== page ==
If Stephen Neal and Bob Hallen (still not yet retired at press time) get lots of playing time at the guard position, pay close attention. Some folks are not convinced that Russ Hochstein is the real deal (Warren Sapp sure isn’t, but what does Kris Jenkins think?), and you have to wonder if Joe Andruzzi can keep playing at his past levels (Andruzzi and Hallen are roughly the same age). If Hochstein falters, Hallen may be next in line to slide in. But if Neal is anywhere close to fulfilling his awesome potential, the former wrestler just might win himself a starting job.
The second half will feature a spirited battle for the last wide receiver spots, which will help Davey and Kingsbury a great deal. Look for Chas Gessner, rookie P.K. Sam and veterans J.J. Stokes and David Patten to put on a show. Reports thus far are that Patten is showing off his pre-injury form, and is making it tough for the Patriots to cast him off. Sam may wind up determining whether Belichick takes five or six wideouts into the regular season.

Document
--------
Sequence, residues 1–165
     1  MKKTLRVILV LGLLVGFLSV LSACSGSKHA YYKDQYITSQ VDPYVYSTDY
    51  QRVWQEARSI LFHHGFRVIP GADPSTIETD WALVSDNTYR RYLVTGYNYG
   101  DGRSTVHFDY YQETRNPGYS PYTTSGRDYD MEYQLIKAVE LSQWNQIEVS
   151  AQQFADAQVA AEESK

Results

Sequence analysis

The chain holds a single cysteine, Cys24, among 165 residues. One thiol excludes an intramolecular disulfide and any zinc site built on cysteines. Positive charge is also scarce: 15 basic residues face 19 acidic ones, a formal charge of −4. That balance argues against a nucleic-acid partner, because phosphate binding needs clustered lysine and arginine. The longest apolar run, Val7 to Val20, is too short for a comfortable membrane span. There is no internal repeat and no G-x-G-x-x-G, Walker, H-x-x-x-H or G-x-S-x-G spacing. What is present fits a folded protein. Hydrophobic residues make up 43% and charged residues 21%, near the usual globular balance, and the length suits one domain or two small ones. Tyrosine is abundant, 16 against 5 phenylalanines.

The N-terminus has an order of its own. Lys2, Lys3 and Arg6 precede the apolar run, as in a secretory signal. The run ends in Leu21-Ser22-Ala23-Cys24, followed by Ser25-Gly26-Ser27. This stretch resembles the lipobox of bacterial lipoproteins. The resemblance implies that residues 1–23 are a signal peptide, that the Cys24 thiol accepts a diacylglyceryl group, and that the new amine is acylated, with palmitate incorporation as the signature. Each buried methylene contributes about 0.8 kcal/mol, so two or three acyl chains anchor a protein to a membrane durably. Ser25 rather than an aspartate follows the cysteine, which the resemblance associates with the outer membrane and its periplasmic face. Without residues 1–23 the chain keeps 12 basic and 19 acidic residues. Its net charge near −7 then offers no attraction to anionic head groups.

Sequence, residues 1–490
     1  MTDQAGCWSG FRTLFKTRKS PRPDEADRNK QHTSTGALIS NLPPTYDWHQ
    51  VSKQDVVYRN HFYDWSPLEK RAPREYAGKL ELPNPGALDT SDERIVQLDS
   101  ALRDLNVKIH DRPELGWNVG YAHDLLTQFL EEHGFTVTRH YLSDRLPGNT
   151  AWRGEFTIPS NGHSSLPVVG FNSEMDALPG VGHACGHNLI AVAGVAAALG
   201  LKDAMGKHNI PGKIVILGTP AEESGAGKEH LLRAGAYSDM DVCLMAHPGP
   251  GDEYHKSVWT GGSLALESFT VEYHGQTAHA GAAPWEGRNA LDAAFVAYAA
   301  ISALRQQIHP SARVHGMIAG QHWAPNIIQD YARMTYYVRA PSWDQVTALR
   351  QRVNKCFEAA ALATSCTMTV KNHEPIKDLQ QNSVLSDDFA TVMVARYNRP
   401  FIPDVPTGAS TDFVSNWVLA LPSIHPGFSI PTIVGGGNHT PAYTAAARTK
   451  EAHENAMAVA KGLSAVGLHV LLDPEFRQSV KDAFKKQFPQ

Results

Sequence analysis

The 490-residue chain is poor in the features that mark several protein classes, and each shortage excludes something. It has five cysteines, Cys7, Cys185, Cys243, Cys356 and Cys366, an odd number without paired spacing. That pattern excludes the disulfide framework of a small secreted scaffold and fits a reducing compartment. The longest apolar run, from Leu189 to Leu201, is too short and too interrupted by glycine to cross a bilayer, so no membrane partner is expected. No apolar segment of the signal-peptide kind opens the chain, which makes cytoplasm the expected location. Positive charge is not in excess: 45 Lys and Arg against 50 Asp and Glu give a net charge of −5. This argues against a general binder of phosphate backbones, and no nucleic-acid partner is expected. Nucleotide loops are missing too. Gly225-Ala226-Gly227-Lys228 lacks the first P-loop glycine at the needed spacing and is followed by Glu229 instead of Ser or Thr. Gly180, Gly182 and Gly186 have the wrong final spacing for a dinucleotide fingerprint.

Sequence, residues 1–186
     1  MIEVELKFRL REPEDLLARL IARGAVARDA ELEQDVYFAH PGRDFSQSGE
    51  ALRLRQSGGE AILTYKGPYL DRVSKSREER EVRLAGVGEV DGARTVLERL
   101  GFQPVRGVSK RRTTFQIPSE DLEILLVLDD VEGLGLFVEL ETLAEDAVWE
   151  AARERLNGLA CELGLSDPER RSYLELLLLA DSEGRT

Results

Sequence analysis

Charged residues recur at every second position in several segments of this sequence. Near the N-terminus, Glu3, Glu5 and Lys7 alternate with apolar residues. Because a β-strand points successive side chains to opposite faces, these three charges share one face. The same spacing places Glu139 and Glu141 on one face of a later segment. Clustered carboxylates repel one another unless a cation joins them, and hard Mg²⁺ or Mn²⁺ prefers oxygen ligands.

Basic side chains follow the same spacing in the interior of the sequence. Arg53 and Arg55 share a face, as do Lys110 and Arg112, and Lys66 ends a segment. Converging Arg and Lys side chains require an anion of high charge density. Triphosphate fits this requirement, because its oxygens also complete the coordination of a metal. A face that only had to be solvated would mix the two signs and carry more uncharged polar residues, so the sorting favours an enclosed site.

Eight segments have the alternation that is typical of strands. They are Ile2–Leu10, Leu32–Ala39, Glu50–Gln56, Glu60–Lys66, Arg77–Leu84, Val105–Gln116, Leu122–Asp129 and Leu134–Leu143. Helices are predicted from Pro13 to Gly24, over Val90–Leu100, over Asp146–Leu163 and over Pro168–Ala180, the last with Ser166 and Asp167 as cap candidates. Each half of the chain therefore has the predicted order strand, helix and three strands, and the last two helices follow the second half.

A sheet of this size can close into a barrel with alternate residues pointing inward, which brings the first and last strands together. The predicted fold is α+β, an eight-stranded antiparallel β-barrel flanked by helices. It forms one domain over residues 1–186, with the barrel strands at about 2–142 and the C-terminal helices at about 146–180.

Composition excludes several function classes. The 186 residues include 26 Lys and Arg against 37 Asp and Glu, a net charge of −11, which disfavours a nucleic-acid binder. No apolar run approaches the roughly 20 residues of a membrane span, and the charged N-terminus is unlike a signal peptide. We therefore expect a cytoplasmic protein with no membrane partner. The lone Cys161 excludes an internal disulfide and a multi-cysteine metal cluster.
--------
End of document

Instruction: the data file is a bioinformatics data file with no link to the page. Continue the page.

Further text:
Fans get seduced by these preseason games, getting into a “beat ‘em, bust ‘em, that’s our custom” mood at the outset. Disappointment then sets in when the bubble guys come in and winning is obviously not at all a focus. Team ownership wants you to think it’s like the real thing, so that you’ll spend big bucks to see a pretend game at real game prices. With this being the first game, spend more time looking at basic execution position battles and not so much about beating the Philadelphia Eagles. Worry about that in February.
That’s when the long Eagle trail comes to an end, hopefully a happy one at that.